Today, Mr. DeGraff has a position that he loves: He is director of stewardship at the Church of the Open Door, in Maple Grove, Minn. But he is also fairly certain that his age cost him those other jobs.
"As you progress through a career, even in the nonprofit world, you get paid more," he says. "If you're younger and you're willing to take less money, that puts pressure on people who have been in the field longer."
The issue of age and pay levels is tricky, but hiring the cheaper worker is most likely not a case of discrimination, say legal experts.
Mr. Eglit notes that, until 1993, it was illegal for employers to discriminate not just on the basis of a person's age, but also on any characteristics that are associated with age, such as the higher salaries people make as they gain more experience. But with its decision in Hazen Paper Co. v. Biggins, says Mr. Eglit, the U.S. Supreme Court said such related characteristics were not relevant. That has made it far easier for employers to avoid lawsuits, he says.
"Now if a 50-year-old isn't hired because he makes too much money, it's not his age that's keeping him from getting the job. It's the fact that he makes too much money," he says. "It's common for employers to go with the younger person. It's also legal now."
As for Ms. Farrell's suspicion that she was rejected by one organization because she did not fit into its youthful Starbucks culture, she may have been right, says Robert S. Turk, an employment lawyer in Miami who has represented nonprofit clients. But unless her interviewers specifically mentioned age, failure to hire someone on the grounds that they don't fit into an organization's culture isn't a crime.
"The question is, 'Did the employer intentionally discriminate?'" he says. "In this case, a judge might say that it's an unfortunate situation, but not one that demonstrates intent."
Advice for Job Seekers
Lawyers, recruiters, and nonprofit veterans offer the following tips to help older job applicants protect themselves from age discrimination as they hunt for employment:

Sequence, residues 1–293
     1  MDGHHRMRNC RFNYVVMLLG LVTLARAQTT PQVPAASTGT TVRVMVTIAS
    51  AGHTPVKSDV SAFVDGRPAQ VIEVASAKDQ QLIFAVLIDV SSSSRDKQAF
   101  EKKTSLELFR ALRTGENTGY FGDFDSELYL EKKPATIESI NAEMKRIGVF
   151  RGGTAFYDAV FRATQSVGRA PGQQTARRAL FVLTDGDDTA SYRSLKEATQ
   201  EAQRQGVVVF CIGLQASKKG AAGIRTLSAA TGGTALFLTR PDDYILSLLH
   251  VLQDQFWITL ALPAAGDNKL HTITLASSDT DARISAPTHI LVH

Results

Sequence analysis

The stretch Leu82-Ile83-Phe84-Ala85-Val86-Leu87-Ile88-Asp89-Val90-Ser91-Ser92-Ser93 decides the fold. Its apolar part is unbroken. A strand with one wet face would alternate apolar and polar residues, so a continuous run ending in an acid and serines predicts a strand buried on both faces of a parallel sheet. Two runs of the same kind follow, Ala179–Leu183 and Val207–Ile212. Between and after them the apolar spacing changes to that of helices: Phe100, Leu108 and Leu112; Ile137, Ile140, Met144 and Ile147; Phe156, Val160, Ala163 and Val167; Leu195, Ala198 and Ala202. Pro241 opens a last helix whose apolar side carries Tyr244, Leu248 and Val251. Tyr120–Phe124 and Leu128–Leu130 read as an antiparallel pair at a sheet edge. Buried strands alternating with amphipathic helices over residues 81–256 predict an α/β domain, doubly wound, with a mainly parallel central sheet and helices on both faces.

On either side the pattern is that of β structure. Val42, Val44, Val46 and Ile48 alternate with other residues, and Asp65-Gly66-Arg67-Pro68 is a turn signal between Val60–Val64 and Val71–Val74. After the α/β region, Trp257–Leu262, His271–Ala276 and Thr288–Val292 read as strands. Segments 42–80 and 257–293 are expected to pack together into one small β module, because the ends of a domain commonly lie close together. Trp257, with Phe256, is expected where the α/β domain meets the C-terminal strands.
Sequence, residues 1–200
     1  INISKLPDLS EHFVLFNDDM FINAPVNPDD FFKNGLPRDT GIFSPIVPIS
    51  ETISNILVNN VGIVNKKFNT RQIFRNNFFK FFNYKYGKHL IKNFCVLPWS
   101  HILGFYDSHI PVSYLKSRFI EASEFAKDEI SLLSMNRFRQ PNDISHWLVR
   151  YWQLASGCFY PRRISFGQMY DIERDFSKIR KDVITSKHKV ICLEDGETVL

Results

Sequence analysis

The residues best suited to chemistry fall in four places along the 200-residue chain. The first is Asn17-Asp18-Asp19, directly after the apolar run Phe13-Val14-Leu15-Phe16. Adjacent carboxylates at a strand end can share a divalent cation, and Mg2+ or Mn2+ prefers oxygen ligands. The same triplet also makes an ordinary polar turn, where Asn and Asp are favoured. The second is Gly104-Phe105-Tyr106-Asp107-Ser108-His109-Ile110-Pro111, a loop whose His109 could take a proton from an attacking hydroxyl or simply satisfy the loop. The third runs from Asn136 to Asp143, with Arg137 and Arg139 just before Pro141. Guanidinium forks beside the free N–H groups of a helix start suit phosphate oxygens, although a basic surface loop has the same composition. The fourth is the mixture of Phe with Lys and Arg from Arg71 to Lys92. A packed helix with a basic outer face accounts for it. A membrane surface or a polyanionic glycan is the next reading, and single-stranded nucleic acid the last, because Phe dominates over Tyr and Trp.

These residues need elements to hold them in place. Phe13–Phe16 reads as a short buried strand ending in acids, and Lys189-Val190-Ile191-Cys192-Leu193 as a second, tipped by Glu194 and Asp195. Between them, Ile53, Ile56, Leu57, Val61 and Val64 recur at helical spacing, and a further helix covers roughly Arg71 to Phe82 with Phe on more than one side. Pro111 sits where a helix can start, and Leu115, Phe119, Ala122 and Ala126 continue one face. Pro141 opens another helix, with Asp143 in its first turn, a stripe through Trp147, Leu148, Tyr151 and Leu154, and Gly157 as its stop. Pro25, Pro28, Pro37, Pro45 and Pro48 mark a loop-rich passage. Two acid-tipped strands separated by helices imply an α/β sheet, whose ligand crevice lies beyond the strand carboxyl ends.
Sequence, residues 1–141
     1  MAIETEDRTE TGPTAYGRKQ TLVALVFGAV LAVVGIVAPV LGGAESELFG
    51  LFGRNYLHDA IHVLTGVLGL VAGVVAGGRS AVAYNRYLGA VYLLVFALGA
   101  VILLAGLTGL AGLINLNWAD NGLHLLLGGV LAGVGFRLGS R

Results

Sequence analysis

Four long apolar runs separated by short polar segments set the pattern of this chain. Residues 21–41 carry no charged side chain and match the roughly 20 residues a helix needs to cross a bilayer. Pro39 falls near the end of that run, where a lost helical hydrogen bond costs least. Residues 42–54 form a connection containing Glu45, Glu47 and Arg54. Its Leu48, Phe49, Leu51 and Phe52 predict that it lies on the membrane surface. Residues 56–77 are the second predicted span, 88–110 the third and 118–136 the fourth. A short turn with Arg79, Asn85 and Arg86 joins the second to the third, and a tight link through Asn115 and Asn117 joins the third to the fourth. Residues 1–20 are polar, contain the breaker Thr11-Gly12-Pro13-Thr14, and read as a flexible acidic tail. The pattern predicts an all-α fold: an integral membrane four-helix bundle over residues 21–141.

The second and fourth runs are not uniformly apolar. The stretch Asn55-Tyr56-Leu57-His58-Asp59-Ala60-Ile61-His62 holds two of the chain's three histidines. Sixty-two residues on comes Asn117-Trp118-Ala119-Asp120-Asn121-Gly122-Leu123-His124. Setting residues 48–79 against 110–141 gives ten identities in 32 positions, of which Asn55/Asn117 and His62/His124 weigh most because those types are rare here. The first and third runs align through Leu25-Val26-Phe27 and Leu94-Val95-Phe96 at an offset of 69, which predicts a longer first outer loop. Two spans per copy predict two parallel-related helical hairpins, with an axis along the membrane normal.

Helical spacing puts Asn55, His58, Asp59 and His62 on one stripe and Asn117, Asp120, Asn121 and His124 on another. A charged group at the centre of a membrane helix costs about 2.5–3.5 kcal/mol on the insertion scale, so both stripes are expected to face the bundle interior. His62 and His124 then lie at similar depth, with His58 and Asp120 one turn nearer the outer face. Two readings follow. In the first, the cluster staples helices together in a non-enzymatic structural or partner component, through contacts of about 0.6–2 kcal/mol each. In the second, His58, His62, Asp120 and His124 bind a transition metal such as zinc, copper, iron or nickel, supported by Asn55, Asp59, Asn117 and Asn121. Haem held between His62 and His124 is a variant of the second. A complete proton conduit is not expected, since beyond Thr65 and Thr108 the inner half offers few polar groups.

Know the law. While civil-rights specialists say the Hazen case was a setback for older workers, it is still possible to successfully sue over age discrimination.
The employers who selected Mr. DeGraff's younger and presumably lower-paid competitors didn't violate the law, says Todd Shinaman, an employment lawyer in Rochester, N.Y., whose clients include nonprofit organizations. But had the prospective bosses referred to Mr. DeGraff's age in the course of an interview, even in an indirect way, he might have had grounds for an age-related complaint.
"Age can't be considered or taken into account either directly or indirectly during the hiring process," says Mr. Shinaman. If a nonprofit official made a comment, no matter how innocently intended, that gives the impression that the interviewer is thinking about the age of the applicant, it could be considered an indirect display of bias, he says.
For example, says Mr. Shinaman, "saying to someone that they've 'been around a long time,' or making a reference to 'the next stage of their life.' Statements like this indicate that you're looking at the applicant as someone who is old."
Gauge the situation -- and adjust expectations accordingly. As an adviser to charities for the past 16 years, Renata Rafferty says she see nothing inherently "ageist" about the nonprofit world.
"The vast majority of charities in the U.S. are small, and every single one of them would love to have a seasoned -- which means older -- executive," says Ms. Rafferty, whose office is in Indian Wells, Calif.
But with budgets tight and funds limited, dollars trump experience every time, she says: "Your qualifications, experience, and competency are irrelevant. It all comes down to dollars."